On Organ Donorship and rules

A very healthy 40 year old college professor develops a headache and collapses at home. CAT reveals a large but localized intracranial bleed that turns out to be bleeding into a large Glioblastoma. The patient is intubated, unresponsive but postures to pain. No operative intervention. Neurosurgical opinion is patient will not get better but will not progress to brain death.

Family is VERY reasonable and accommodating. They say they understand the situation and accept it. The family VERY much wants to donate organs. The patient will not pass a brain death protocol. Nor is he a candidate for Non-Heart Beating Donation (Donation after Cardiac Death). His heart and lungs are strong and he ventilates normally on a T-Tube.

As it happens, there is a blood relative of the patient awaiting a kidney for chronic renal failure in another State. The family desires a Directed Living Related Kidney donor gift from the patient to the relative. So the plan was to take the patient to the OR, take the kidney as a normal donor might, close the operative wound normally, recover the patient normally from anesthesia, bring him back to the ICU and then withdraw care according to the wishes of the surrogate. But there’s a problem. The related recipient was tested in the usual fashion and doesn’t match. Something about having had children in the past and now is not a candidate for this kidney and is back on the list.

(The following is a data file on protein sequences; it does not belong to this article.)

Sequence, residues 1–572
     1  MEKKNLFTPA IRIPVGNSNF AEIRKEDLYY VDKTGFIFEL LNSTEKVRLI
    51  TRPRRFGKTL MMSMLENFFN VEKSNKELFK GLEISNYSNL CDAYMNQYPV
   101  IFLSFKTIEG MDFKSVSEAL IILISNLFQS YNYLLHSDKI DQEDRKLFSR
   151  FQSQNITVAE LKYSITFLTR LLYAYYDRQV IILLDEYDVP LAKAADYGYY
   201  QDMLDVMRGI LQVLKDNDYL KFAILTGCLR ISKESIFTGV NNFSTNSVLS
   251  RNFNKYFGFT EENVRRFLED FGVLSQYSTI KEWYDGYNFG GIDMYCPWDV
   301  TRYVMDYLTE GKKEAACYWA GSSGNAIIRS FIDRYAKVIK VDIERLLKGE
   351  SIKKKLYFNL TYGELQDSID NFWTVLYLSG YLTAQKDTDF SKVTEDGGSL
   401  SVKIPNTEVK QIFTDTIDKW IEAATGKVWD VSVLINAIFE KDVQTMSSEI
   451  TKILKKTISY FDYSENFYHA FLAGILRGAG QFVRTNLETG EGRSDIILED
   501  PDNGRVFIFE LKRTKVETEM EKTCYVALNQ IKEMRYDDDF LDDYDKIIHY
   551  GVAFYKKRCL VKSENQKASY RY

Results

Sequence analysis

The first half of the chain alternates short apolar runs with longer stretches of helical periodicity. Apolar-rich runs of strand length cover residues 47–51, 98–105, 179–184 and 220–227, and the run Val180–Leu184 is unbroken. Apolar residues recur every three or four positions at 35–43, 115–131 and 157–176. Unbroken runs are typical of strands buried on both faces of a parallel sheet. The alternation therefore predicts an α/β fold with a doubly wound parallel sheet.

So……the family now desires a kidney to be taken from the patient in the same manner and given to anyone on the current list who will match. The wife says the patient would want to give his organs but the current rules of the game prohibit it, so what’s the problem with end-running the rules by simply making it a consent issue? He would want to give the kidney, the wife wants him to give the kidney and the relative can use the kidney. The “rules” only get in the way.

Is this ethically acceptable?

For the case I presented, I think there is a big difference in a terminally ill but not brain dead patient donating a Living Related Donor kidney and donating a kidney to the top of the anonymous list. It could (and has been) considered an intentional end-run of the “rules”. It is not done here at UPMC, BTW.

There are rules governing the donation of organs. The reason for those rules are to avoid the plot of the 70s movie Coma by Robin Cook and selling organs on EBAY. Anyone with an interest in how the rules go, look up the 1981 Uniform Determination of Death Act, Burke and Hare scandal, the “Dead Donor” rule. These rules say that brain death equals death and once death has occurred, organs, if they are viable because they have been supported, can be procured. If the brain is not dead, they can’t. I am hoping Leslie gives us her expertise on this matter but here are my thoughts, FWIW.